By Vivian Kline
What fun for me to reminisce about our early friendship: Tamara Sergijenko from Tallin, Estonia and I from middle
America! We first met in England, at the first meeting of the British Society of Enamellers. (I can’t recall the exact date but I do remember it was like the famous love song in that we were attracted “across a crowded room.”) Even without much ability to converse, we felt comfortable together. We went on to workshops in Oxford where Alexandra Raphael showed us the technique of plique-a-jour.
Tamara has gone on to make that her speciality. Her delicate works are signed by her symbol of a butterfly.
We were together in the spring of 1991, and then again in 1993 when capitalism replaced communism and artists were then able to travel outside of Estonia. Tamara came to Ohio. When she and I were together in New York City, my sister bought one of her beautiful delicate plique-a-jour enamels. Ever since that beautiful piece has been happily displayed on my sister’s bureau in New York City.
Tamara was educated at the Estonian State Institute of Art from 1971 to 1976, after which she worked as a designer for a jewelry society until 1990. During that time she was able to have her work seen in numerous exhibitions in Germany, England, France, Lithuania, Japan, Russia and the United States of America. She has won prizes; taken part in seminars as well as finding time to conduct workshops in drawing and design with children and adults in Russia, Estonia, and the USA. Her work could be seen in fashion magazines and in numerous catalogs as well as in the golden Book of Collectors for 1992 and 1993 in Paris.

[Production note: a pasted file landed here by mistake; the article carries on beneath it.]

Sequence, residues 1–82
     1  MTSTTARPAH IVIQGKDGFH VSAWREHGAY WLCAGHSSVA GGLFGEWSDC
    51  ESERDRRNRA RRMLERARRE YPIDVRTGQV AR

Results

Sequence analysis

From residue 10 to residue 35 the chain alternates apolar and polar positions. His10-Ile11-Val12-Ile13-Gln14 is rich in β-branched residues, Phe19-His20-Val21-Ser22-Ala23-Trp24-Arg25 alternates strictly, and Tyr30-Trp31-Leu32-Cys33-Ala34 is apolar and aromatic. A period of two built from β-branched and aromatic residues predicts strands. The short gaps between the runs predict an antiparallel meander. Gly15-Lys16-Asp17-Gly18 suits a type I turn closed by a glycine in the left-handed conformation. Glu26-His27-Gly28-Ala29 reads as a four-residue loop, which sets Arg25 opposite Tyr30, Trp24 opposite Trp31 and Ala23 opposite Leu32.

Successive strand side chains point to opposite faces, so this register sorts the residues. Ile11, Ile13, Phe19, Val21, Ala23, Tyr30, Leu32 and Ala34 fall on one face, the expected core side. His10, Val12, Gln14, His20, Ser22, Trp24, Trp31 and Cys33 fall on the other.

In 1980, she became a member of the Artist’s Union; in 1985 a member of the Society of Designers and since 1991, a member of
Metalwork Artist’s Union. Her work has been supported by the Estonian Ministry of Culture allowing her to receive grants from the Estonian Trade Union and “Kultuurkapital.” Five of us Americans went to Tallin one year to do enameling in a workshop under a “master.” When the other four left a day ahead of me, with some difficulty, I was able to locate Tamara and we spent a wonderful twenty-four hours together. She took me to see the work of fine craftsmen in their studios and since it was Easter, I experienced the blessing of our tiny dessert cake by the priest of an Orthodox church. She selected two young men friends eager to meet an American, and my memory of that evening in her small apartment is very vivid.
Her letters are so charming! Written in broken English and filled with delightful drawings of, among other things, her kiln which she named “mufel.” Mufel she writes is her husband. As you look at her beautiful enamels pictured here, think of a dark haired beauty of a woman who became friends with an American long ago.